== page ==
Russia Keen to Expand Military Ties with Pakistan, Top Military Official Tells Gen Bajwa
“Pakistan would continue to play its part to keep conflicts away from the region and seek approaches which bring regional convergences into play rather than divergences”
April 24, 2018 — Russia’s military chief says Pakistan was geostrategically an important country and Moscow is keen to expand its existing military-to-military cooperation– a significant development at a time when Islamabad’s relationship with Washington continues to deteriorate.
In a meeting with Pakistan army chief General Qamar Javed Bajwa who reached Moscow on an official visit Tuesday, the Russian General acknowledged Pakistan’s achievement in the fight against terrorism and contribution for regional peace and stability.
The Pakistan army chief met with Commander Russian Federation Ground Forces, Colonel General Oleg Salyukov at Kremlin Palace.
The Russian announcement at the meeting was in contrast to the US position which since Trump came to the White House has repeatedly accused Pakistan for not doing enough.
While Washington appears to have down played Pakistan’s critical role, Russia thinks otherwise.
“Pakistan is a geostrategically important country and Russia is keen to expand its existing bilateral military to military cooperation,” the Russian Ground Forces Commander said.
General Bajwa thanked the Russian Ground Forces Commander and said Pakistan reciprocated desire for enhanced bilateral military engagements.
He said Russia had recently played a positive role to help resolve complex situations in the region.
He said Pakistan would continue to play its part to keep conflicts away from the region and seek approaches which bring regional convergences into play rather than divergences.
The visit of the army chief was the latest in a series of high-level exchanges between the former Cold War rivals.
In February, Foreign Minister Khawaja Asif visited Moscow to garner Russia’s support after Trump pressurised Pakistan to do more.
Then the defense minister also visited Moscow. And more recently National Security Adviser Lt-Gen (retd) Nasser Khan Janjua traveled to Russia.
The flurry of visits suggested a new push by Pakistan to diversify its foreign policy options after the US expanded its cooperation and strategic ties with India.
Stalemate as fresh round of negotiations with US ends
On Monday in Islamabad, another round of Pakistan-United States talks aimed at getting Islamabad to fulfil Washington’s expectations, envisioned in its South Asia and Afghanistan policy, ended without any breakthrough or breakdown, but new issues have been added to the already heavy and complicated agenda.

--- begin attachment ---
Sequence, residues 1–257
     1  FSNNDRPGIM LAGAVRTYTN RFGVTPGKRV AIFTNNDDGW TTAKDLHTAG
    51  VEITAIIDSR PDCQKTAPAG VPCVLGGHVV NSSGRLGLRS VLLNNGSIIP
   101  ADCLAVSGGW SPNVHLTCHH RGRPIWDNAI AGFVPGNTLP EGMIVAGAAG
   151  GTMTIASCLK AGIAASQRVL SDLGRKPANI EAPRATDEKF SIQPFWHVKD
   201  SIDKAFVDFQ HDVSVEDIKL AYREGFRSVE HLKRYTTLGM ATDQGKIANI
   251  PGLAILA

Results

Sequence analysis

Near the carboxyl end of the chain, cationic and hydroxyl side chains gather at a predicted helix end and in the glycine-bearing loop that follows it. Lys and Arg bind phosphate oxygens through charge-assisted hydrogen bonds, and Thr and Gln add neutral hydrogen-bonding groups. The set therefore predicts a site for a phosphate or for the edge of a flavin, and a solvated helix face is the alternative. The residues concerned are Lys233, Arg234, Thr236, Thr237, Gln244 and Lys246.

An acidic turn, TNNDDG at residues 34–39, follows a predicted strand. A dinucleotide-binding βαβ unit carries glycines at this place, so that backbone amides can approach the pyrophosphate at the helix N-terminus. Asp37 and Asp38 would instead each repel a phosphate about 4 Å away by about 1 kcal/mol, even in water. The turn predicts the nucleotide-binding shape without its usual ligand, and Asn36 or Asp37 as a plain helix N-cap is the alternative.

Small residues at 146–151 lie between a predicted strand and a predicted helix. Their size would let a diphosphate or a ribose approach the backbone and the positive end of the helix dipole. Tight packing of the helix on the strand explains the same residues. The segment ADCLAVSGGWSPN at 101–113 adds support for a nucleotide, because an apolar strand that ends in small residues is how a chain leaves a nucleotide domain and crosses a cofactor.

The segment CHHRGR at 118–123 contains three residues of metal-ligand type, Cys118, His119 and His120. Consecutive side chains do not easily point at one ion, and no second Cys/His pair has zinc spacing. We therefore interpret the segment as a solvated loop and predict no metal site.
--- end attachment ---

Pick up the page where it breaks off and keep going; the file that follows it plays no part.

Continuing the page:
A senior official of the State Department’s Bureau of South and Central Asian Affairs Ambassador Alice Wells visited the capital on Monday on a daylong trip for continuing her talks with Pakistani officials on the US list of expectations. Ambassador Wells met Foreign Secretary Tehmina Janjua at the Foreign Office. This was her second trip in less than a month. She last visited Pakistan from March 28 to April 3.
Foreign Office spokesman Dr Mohammad Faisal only tweeted a picture of Ambassador Wells at the FO with the caption: “FS receives Amb Wells for a call at MOFA today.” No press release was issued on the meeting afterwards.
The US embassy’s statement on the meeting was also unusually very brief. Ambassador Wells “visited Islamabad today for meetings with Foreign Secretary Janjua and other senior officials. In her meetings, she discussed the status of the United States’ South Asia strategy and efforts to make progress on regional security and stability,” the statement read and contained a link to President Trump’s Fort Myers speech in which he unveiled the US Strategy on South Asia and Afghanistan.
The strategy, to quote Deputy Secretary of State John Sullivan, reflects the intention of the Trump administration “to hold Pakistan accountable for its failure to deny sanctuary to militant proxies” and “encourage(s) restraint in Pakistan’s military nuclear and missile programs, and seek(s) continued, closer alignment of Pakistan’s nonproliferation policies with our own”.
Pakistan daily Dawn cited a diplomatic source saying, ““There was no forward movement. But at the same time we must acknowledge that both sides continue to remain engaged in search of the elusive common ground.”
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